We first consider whether there was sufficient evidence before the trial court to support Lloyds' motion for summary judgment. HCC argues that summary judgment was not appropriate because there were genuine issues of material fact concerning what exclusion language was included in the policies and when that language became effective. HCC contends that as the moving party, Lloyds had the burden of putting into evidence the insurance policies relied upon, and that Lloyds failed to meet this burden. First, HCC maintains that the only evidence of the insurance policy language filed with Lloyds' motion for summary judgment was contained in Lloyds' own interrogatory responses, each answered upon "information and belief." HCC contends that affidavits based upon "information and belief" must be disregarded because affidavits in support of a motion for summary judgment must be made on personal knowledge. See G.S. 1A-1, Rule 56(e); Blackwell v. Massey, 69 N.C. App. 240, 316 S.E.2d 350 (1984); Schoolfield v. Collins, 281 N.C. 604, 189 S.E.2d 208 (1972). Second, HCC contends that Lloyds' attempt to get the policies admitted based on attorney's affidavits failed to meet the standards of Rule 56 because the policies were not authenticated by anyone with personal knowledge. In addition, HCC contends that the papers submitted by Lloyds created genuine issues of material fact concerning the exact policy language relied on in Lloyds' motion. HCC argues that one policy relied upon by Lloyds, policy no. UVA0194, has two different overlapping pollution exclusion endorsements. Other polices include endorsements containing pollution exclusions dated three years after the policies expired. Accordingly, HCC argues that because genuine issues of material fact remain, summary judgment was erroneously granted.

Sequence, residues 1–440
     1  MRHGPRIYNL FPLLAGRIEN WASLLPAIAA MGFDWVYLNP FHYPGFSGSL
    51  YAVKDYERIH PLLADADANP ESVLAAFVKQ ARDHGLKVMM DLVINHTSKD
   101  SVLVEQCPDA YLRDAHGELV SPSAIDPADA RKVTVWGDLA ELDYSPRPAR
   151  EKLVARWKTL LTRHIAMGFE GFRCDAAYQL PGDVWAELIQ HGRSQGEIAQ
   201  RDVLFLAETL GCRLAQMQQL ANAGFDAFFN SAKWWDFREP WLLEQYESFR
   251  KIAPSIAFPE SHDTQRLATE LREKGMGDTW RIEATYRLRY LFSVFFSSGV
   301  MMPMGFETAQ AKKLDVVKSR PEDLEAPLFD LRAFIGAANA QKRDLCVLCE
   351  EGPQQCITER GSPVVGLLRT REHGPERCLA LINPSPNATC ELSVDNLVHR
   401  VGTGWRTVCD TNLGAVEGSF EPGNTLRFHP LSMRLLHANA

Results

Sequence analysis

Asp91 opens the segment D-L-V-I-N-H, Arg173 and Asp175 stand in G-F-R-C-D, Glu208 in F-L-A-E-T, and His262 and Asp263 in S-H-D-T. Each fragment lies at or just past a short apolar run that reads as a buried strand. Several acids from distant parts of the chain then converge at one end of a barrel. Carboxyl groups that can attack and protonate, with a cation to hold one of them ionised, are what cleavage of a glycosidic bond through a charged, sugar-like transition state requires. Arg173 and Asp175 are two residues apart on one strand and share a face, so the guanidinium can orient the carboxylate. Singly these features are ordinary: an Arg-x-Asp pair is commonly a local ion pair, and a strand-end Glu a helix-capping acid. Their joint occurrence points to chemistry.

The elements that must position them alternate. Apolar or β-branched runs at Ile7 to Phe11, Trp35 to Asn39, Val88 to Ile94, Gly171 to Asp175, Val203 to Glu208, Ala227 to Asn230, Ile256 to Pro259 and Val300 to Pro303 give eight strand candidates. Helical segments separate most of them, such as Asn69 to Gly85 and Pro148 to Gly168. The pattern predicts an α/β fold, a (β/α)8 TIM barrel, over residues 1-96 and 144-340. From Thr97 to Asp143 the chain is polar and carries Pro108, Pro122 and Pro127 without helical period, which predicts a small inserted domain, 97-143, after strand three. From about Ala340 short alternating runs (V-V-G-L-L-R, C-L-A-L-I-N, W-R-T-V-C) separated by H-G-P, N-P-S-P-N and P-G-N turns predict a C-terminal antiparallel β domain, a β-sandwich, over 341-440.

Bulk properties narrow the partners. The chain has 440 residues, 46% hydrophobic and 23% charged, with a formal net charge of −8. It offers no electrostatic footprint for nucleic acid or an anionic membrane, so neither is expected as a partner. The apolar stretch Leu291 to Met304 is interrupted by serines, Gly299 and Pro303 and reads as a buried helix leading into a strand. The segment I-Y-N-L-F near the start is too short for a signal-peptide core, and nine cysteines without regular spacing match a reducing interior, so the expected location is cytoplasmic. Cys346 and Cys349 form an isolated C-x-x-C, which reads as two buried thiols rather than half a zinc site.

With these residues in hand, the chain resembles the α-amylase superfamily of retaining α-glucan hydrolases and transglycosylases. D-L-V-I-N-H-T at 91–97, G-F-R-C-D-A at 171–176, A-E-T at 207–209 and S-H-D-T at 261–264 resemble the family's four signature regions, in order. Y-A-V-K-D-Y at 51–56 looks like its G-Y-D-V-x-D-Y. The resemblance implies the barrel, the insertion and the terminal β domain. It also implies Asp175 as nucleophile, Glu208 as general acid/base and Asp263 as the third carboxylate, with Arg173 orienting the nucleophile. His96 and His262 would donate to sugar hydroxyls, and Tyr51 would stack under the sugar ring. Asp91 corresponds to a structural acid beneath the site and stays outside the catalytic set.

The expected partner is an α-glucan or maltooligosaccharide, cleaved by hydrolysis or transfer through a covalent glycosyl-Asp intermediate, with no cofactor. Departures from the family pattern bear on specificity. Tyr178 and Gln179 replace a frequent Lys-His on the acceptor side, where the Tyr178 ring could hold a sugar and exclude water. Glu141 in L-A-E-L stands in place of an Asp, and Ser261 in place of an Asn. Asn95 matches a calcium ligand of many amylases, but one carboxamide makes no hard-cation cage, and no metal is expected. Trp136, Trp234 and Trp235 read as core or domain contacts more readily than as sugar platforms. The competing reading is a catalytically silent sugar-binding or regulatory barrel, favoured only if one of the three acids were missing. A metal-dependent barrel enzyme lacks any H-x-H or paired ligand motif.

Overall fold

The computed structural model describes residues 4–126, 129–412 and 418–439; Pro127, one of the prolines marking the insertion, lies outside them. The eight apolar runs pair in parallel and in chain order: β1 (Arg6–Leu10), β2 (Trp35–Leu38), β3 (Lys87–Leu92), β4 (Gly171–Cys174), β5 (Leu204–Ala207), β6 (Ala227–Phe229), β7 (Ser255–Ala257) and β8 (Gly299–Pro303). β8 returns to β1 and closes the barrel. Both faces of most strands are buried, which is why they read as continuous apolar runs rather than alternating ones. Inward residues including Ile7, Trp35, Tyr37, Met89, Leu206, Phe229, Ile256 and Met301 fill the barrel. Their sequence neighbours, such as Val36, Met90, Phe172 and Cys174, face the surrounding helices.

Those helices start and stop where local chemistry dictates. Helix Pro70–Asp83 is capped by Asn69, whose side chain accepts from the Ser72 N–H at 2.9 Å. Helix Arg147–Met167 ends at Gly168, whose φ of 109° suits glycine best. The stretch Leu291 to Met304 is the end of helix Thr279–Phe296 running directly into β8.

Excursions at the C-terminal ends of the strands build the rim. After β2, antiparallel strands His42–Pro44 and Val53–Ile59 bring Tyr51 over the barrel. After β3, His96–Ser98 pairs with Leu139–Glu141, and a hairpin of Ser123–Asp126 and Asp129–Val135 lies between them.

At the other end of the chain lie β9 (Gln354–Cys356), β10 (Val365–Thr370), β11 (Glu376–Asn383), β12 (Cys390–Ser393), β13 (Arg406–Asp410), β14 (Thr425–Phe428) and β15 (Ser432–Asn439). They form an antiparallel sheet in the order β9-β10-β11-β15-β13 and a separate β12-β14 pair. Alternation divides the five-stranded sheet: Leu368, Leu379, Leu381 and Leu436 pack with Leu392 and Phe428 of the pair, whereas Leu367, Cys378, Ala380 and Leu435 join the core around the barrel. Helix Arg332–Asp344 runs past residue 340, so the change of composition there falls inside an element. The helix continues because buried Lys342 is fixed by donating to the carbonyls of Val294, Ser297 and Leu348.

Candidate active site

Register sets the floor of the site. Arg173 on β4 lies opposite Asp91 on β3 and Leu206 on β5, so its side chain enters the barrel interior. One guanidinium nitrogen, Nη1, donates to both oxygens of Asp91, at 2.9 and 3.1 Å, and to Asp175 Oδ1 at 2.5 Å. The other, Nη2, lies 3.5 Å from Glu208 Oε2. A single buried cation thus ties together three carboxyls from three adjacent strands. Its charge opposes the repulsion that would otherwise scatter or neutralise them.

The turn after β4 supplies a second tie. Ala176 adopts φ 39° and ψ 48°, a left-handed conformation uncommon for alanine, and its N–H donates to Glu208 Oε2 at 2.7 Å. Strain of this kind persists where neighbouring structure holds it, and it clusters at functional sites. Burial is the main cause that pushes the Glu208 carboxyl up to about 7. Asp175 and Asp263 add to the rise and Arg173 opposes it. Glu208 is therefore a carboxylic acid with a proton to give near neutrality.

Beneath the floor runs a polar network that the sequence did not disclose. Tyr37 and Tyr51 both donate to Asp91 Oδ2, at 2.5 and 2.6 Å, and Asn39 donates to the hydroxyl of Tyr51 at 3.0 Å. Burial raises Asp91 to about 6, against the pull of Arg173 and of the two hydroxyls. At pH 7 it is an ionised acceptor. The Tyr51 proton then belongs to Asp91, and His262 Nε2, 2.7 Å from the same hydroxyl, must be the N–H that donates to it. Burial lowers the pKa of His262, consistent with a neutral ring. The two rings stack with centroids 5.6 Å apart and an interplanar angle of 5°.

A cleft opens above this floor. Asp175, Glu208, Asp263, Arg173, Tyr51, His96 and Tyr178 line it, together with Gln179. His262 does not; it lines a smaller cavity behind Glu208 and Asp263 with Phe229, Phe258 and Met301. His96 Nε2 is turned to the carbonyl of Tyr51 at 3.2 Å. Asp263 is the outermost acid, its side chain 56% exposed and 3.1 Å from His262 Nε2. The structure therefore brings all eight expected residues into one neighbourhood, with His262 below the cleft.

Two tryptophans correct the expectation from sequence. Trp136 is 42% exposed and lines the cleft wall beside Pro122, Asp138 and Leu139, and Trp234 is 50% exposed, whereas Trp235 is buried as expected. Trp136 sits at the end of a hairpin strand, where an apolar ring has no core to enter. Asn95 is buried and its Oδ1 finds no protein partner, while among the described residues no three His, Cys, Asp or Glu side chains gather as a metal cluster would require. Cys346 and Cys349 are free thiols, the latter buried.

Lloyds argues that it met its burden of proof because their motion for summary judgment was initially supported by sworn answers to interrogatories and later by the actual policies containing the specific policy language found in the sworn answers to interrogatories. The policies were attached to the verified supporting affidavit of attorney Henry Lee, Lloyds' attorney. Lloyds argues that this affidavit was based upon personal knowledge because the affidavit explains that the attached policies were produced by HCC and its insurance broker during discovery in this same lawsuit and that their attorney, Henry Lee, clearly would have personal knowledge of documents produced by HCC and its insurance broker in response to a deposition subpoena duces tecum. Accordingly, Lloyds contends that the supporting affidavit of attorney Henry Lee was competent evidence and sufficient to authenticate the policies. Furthermore, Lloyds argues that the Lee affidavit was timely filed and that HCC never objected to or moved to strike the affidavit. Additionally, Lloyds contends that there was no issue regarding the effective dates of the endorsements on policy no. UVA0194 because the effective dates of the two endorsements are different and do not overlap. Finally, Lloyds argues that HCC is estopped from denying the authenticity of policies which HCC itself produced in discovery in this very case. Accordingly, Lloyds maintains that summary judgment was properly granted.